This new Cyber-Depp quickly escapes and infects the internet as a rapidly evolving, sentient computer virus with unknown goals. As the singularity incorporates every electronic device on earth, Caster’s former colleagues, the FBI, and even that terrorist group find themselves in an uneasy three-way alliance. Caster is clearly no longer human – but does he have any humanity left at all? And if not, can he even be stopped?
I wanted to love TRANSCENDENCE. Melding a human soul with software is heady, thought-provoking stuff, but the unfocused shotgun blast of a screenplay fails to cohere into much of anything. We’re left with a sprawling mess that introduces fascinating ideas and then immediately drops them to jaggedly rush into the next scene. The storytelling is as smooth as a dryer with a brick in it. It can’t even seem to decide on a genre – so we get a drama without enough character development and a thriller without enough danger.
Because the script is such a mess, the outlandish scifi concepts aren’t given the attention they need to work. At a breathless pace, TRANSCENDENCE introduces nanotechnology via raindrops, superhuman hybrids, and a climactic computer virus with baffling consequences. It’s just too much fi and not enough sci to ground everything. By the time the third act rolled around and Cyber-Depp started attacking everyone with magic CG tentacles, my mind had wandered back to the low-key narrative riddles of OCULUS, which was playing in the theater next door.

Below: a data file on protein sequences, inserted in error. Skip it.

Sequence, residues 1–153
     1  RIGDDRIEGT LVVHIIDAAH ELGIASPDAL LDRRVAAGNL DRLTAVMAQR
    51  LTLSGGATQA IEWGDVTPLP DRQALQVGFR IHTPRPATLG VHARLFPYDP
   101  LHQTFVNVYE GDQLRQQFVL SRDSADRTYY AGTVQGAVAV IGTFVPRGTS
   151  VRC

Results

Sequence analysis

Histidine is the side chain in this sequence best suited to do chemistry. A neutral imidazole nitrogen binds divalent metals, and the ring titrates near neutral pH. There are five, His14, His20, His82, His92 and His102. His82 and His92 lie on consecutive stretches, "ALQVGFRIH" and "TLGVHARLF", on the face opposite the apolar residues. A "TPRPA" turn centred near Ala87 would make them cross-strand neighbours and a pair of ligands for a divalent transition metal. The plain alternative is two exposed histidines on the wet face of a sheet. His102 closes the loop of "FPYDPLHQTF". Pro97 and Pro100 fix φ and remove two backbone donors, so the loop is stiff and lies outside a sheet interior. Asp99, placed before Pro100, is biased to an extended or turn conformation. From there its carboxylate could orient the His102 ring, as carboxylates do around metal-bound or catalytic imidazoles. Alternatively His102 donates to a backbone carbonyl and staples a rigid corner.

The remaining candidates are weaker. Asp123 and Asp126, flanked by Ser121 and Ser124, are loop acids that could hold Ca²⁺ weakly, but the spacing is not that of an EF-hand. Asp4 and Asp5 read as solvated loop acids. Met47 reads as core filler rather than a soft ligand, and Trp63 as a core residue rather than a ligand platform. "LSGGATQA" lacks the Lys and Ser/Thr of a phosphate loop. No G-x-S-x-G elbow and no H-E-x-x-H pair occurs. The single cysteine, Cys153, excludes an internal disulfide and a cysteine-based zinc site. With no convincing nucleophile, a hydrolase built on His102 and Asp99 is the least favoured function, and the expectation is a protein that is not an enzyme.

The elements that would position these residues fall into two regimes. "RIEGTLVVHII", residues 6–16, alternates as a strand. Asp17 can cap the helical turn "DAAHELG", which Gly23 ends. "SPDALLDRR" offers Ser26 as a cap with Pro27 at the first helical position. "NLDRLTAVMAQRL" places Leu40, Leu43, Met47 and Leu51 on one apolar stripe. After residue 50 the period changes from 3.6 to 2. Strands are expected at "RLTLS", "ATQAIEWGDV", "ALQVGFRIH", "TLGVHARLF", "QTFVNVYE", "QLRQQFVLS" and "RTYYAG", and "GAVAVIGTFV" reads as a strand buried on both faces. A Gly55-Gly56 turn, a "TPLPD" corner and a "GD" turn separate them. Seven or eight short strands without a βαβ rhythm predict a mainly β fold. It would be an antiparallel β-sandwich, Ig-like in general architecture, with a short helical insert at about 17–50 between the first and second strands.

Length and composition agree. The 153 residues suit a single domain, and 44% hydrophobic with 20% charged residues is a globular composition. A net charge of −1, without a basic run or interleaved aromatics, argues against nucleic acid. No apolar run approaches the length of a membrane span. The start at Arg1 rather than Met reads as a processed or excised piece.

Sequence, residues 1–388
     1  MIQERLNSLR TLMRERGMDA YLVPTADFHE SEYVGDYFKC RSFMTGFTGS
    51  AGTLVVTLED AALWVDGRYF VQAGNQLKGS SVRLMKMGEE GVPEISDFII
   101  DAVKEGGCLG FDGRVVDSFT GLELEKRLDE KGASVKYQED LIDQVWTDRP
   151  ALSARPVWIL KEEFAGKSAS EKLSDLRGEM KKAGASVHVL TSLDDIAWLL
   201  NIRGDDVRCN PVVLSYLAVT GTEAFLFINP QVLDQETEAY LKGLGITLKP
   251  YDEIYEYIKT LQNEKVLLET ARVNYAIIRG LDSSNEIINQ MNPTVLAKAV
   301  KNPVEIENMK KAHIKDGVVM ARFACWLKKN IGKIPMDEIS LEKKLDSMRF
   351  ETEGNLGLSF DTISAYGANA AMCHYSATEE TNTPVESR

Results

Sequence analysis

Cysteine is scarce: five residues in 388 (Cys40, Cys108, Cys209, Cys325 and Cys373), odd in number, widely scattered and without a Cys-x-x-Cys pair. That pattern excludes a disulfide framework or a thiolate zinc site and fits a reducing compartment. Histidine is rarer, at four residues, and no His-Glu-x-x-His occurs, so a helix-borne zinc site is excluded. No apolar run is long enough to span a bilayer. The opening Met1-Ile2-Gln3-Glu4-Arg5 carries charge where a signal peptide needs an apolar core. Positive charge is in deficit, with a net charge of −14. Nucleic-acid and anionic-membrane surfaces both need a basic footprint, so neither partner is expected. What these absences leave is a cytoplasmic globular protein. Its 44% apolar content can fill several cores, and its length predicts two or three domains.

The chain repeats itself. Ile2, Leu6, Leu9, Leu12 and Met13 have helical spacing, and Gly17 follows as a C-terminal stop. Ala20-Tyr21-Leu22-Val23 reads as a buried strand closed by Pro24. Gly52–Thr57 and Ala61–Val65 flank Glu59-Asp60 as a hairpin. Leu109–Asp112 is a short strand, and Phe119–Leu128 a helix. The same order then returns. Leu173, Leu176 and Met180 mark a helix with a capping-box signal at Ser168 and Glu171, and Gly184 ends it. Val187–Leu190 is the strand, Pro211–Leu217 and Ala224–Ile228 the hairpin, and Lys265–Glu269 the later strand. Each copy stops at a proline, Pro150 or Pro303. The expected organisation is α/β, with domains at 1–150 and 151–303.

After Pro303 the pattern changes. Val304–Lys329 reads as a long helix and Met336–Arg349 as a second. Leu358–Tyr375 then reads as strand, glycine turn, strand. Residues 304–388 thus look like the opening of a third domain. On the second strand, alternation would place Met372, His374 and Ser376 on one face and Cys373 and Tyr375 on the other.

And that’s too bad, because TRANSCENDENCE also has some real strengths. The cinematography is starkly beautiful, the ideas are big, and the cast is terrific. If you adjust your expectations a few rungs, you can still salvage an okay time with this one. Some individual scenes work pretty well, and there’s no denying the coolness of the stuff on display.
But Michael Crichton could have written it way better.
And he’s dead.

2stars

-Taylor Adams

Photo Source: https://movies.yahoo.com/blogs/yahoo-movies/johnny-depp-goes-digital-in-new–transcendence–poster-180357010.html

OCULUS (R)

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As far as horror movie antagonists go, a homicidal wall-mounted mirror is pretty iffy. It’s hard to build tension when the villain could be killed by a baseball.

But OCULUS is up to the task. We follow Kaylie (Karen Gillan), a young woman obsessed with documenting an allegedly haunted mirror’s supernatural powers before destroying it. She’s rigged her parents’ old house with video cameras, alarms, and even a last-resort “kill switch” in the form of a swinging yacht anchor bolted to the ceiling. Excessive? Not really. For her, it’s personal – eleven years ago, her parents purchased the evil antique and went murderously insane. Her brother Tim was institutionalized after being forced to shoot his father, so this is present-day Kaylie’s chance to prove Tim’s innocence. These parallel stories melt into one as the mirror’s powers grow, blurring past into present and raising disturbing questions. Did Kaylie and Tim ever really grow up? Or are they losing their minds, too?

OCULUS toys with these ideas but doesn’t overdo it. Luckily, the script is too disciplined to lose its head up its own butt via INCEPTION-style plot convolutions. It’s a superb little ghost story that favors smart, psychological chills over loud noises and arterial splatters (although it has those, too). Because the mirror influences what its victims can and can’t see, even moments of apparent safety can hide horrific surprises. Imagine biting into an apple – and realizing it’s actually a light bulb when the shards crunch between your bloody teeth. This movie perfectly captures the icky discomfort of never quite knowing what’s real.